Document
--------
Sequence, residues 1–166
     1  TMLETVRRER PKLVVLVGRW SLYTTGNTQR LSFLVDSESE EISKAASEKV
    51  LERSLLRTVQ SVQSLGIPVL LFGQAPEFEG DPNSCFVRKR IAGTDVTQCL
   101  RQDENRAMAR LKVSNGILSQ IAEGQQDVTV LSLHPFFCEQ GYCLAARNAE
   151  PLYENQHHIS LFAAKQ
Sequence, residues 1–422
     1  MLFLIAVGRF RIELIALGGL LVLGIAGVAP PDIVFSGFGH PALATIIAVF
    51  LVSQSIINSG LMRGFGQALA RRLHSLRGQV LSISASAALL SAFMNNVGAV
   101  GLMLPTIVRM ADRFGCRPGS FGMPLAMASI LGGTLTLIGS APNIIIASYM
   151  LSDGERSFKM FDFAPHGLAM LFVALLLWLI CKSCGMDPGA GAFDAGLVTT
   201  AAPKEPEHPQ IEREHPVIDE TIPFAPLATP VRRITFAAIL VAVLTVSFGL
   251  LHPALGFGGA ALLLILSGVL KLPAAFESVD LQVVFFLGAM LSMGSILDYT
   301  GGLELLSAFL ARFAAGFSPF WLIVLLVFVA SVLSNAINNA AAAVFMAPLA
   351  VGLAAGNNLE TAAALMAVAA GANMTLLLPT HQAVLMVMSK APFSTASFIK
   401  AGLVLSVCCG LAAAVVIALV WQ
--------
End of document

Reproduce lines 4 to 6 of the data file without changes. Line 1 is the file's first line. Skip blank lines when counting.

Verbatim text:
   101  RQDENRAMAR LKVSNGILSQ IAEGQQDVTV LSLHPFFCEQ GYCLAARNAE
   151  PLYENQHHIS LFAAKQ
Sequence, residues 1–422